The LWV found 12 counties in Texas don’t have an official website, and that 105 out of the 242 remaining Texas counties (or 43 percent) provide adequate information taking into consideration all six criteria.

Click here to view the full report.

Inside Intelligence: About That Trump Impact on Texas GOP...

For this week’s nonscientific survey of insiders in government and politics, we asked about Donald Trump's popularity in Texas and his long-term impacts on the Texas GOP.

Recent polling in Texas would seem to suggest that Trump, the GOP's nominee for president, is underperforming relative to how a statewide Republican candidate routinely performs.

We began this week's survey by asking whether the insiders put much credence in the numbers indicating that the race is closer at the top of the ticket than has been seen in recent presidential elections. The insiders were close to a consensus on that: 78 percent said they thought the polling is credible.

We followed up by asking the insiders to evaluate Lt. Gov. Dan Patrick's statement this week that U.S. Sen. Ted Cruz risks being left behind politically unless he endorses Trump for president. Exactly half of the insiders agreed with Patrick's assessment while 39 percent disagreed.

We then asked a couple of questions on the potential impact of the presidential election on the Texas GOP over the next five to 10 years.

We began by asking if a Trump win would endanger the Republicans' solid hold on the state in the years to come. Just over half the insiders said yes while 39 percent said no. We concluded by asking if a Hillary Clinton presidency might prove more beneficial to Texas Republicans. On that one, 46 percent agreed that a Clinton presidency would help the GOP in Texas while 35 percent disagreed.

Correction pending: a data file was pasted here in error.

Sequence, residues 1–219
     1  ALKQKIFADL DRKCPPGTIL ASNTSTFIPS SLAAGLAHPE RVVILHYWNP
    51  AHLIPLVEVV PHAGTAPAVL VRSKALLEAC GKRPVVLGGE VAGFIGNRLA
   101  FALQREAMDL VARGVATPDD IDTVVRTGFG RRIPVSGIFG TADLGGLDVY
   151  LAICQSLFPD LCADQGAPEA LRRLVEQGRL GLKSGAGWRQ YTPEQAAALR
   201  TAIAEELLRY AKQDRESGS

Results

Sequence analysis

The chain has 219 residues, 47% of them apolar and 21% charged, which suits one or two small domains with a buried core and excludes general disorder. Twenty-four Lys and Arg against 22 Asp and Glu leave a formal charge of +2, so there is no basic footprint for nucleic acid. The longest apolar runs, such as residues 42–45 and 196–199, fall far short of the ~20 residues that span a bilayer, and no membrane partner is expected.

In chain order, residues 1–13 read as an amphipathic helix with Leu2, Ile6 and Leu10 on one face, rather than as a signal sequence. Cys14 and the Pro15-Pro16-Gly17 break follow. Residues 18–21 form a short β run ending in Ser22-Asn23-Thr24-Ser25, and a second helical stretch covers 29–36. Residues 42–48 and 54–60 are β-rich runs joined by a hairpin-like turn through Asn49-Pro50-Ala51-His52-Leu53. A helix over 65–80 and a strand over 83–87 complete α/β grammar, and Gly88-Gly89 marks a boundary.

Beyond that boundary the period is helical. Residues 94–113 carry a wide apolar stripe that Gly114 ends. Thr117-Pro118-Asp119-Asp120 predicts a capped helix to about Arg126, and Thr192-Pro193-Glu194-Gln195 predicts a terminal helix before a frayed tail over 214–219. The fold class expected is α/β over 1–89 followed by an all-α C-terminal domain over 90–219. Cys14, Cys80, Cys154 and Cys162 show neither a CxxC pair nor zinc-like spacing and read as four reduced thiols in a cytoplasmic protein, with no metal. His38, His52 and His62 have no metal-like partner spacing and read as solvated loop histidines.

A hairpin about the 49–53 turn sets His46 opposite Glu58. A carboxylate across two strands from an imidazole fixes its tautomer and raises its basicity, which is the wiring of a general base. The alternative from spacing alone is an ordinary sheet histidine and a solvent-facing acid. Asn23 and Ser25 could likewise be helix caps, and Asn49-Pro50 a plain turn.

We collected comments along the way, and a full set of those is attached.


Do you believe recent polling on the presidential race in Texas that has Donald Trump performing below a generic Republican candidate at this point?

• "I believe the polling but polls do not gauge enthusiasm, which will be a real factor in November."

• "Yes, but he's gaining ground recently as Hillary falters and as many Republicans return home, as expected."

• "I have friends who're still committed to NOT voting."

• "Those generic candidates never quite work out, do they?"

• "No, I don't believe the polls. This is a movement election. From unprecedented turnout at rallies to record breaking small-dollar fundraising — no pollster or political pundit has gotten anything right about this election so far."


Do you agree with Dan Patrick’s assessment that Ted Cruz could be left “in the rearview mirror of the Republican Party” if he doesn’t endorse Trump?

• "Yes, but the rearview mirror is attached to a horse and buggy rig."

• "Dan Patrick is the best political windsock in Texas."

• "Depends on whether Trump wins or loses and if he loses, how badly. If Trump wins or loses but keeps it close (respectable?), then yeah, Cruz will be left behind. But if Trump loses badly and drags down the ticket (U.S. Senate flips?), then Cruz gets to say, 'I told you so,' and everyone will be scrambling to get back on his train."

• "Both Cruz and Patrick are on the razor's edge; either could end up more powerful after the election."

• "For a while, people were scared to cross Ted Cruz; that is no longer the case. He asks and asks for help and the heart and soul of the GOP asked him for help and he made it about himself, again..."


Would a Trump presidency endanger Texas Republicans’ majority status in the next five to 10 years?

• "Will strengthen it, and bring new voters to the party. Yes, I said new and more Republican voters."

• "Trump will speed the inevitable demise of the urban Republican. Demographics will take care of the rest."

• "Not likely, in their primary re-election both Speaker Ryan and Sen. McCain differentiated themselves from the nominee. Similarly, Texas Republicans voters will do the same."

• "Trump is a Yankee and we won't pay much attention to him. Oh — you said a Trump presidency. That ain't gonna happen."

• "He'll be more successful than most people think, politically and substantively."